Exploding Adrenal Glands


I went to bed way too late and got up early this morning in preparation for Allistaire’s bone marrow test that was scheduled for 9:30am.  On my way to the shower I asked the nurse if Allistaire’s labs had come back.  BLAST!  Her ANC had dropped to 74.  I knew this meant that they would likely cancel the procedure and reschedule for Tuesday.  When I returned, this was confirmed.  No test.  Gotta wait longer.  Ugh!

Last night, I went to wash up dishes from Sten and I eating some tasty baked Ziti (thanks Kaitlyn and Tracie).  I once again got caught up talking to one of the parents in the kitchenette.  This dad has been here with his 9 year old son since June.  His son also has AML and has FLT3.  He had his transplant in September and has had an insane ride.  His dad told me all about the saga, the tongue so swollen that the end sloughed off, the 108 degree fever that actually burned his skin, the scary virus after scary virus.  I asked him how does he do it – how does he survive.  His advice to me was this:  don’t get too happy, don’t get too upset, find a good middle ground.  When he said this my brain accepted it as a reasonable idea.

This morning when the test was cancelled and I felt the tug to be upset about it I remembered this dad’s words.  I think he’s right.  Things just change constantly here, it is the norm.  Every day we test so many precise little things going on inside our child’s body – their temperature, blood pressure, weight, hematocrit, white blood cell count, platelet count, how much phosphorus, how much calcium, etc.  These numbers are important, but like a lot of things in this world, there is constant fluctuation.  To use the words of my dear friend Kirsten who visited this morning, “if you ride every high and every low, your adrenal glands will just explode.”  (Kirsten is a neonatal nurse at Swedish by the way and I take her at her word 🙂 )  As one who is by nature a planner, this sort of world is not at all conducive to the way I want things to go.  But wouldn’t it be amazing if on the other side of all this someone might actually describe me as “easy going.”  Anyone who knows me would never use this descriptor for me.  It makes me laugh out loud just to imagine.  But really, it would be wonderful.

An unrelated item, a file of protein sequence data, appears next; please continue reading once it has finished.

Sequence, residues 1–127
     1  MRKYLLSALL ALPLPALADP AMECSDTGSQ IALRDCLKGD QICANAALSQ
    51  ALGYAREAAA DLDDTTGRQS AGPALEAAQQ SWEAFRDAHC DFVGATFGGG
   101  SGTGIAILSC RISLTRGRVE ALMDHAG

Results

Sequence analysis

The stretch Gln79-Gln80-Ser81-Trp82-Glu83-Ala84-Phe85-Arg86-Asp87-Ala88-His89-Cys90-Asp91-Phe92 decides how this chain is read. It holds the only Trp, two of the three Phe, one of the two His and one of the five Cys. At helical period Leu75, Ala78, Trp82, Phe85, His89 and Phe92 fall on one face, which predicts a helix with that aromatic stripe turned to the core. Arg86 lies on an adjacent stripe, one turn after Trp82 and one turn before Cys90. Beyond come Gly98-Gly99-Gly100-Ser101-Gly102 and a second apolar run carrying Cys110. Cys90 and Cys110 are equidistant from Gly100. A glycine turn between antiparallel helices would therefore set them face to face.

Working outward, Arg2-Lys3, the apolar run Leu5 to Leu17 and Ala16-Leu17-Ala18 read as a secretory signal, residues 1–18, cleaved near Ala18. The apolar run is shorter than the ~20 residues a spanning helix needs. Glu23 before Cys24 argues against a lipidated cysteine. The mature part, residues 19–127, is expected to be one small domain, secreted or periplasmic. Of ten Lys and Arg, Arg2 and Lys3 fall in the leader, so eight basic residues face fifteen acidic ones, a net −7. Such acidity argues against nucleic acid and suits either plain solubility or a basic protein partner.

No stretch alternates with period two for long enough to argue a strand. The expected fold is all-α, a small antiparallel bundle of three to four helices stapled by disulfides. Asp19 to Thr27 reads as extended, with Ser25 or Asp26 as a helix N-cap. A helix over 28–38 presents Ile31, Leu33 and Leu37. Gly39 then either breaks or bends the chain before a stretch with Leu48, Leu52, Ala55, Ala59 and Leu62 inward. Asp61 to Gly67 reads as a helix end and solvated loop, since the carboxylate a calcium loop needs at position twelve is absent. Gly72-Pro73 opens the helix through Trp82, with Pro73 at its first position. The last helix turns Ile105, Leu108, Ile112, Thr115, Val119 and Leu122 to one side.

Thanks to those of you who have prayed for Solveig.  She still has a slight fever but her cough is better and her cheeriness is returning.  Tonight we used Skype to talk with Solveig on JoMarie’s (Sten’s mom) computer.  Even though there is terrible lag time and the picture isn’t the clearest, it was so fun to see Solveig’s sweet silly face and see all her expressions.  She and Allistaire laughed at each other.  It was great to be together as a family of four, if even in this very limited way.

9 responses »

  1. Thinking about you as I tear up reading your blog. My heart is broken for you. You see the gift of life in a way that only a parent on an oncology floor can. It is dear and sweet but can be incredibly painful…beyound words painful. I thank that Lord for the precious gift of that happy, silly, wiggly girl of yours! Kenzie thought she was such a fun little girl!!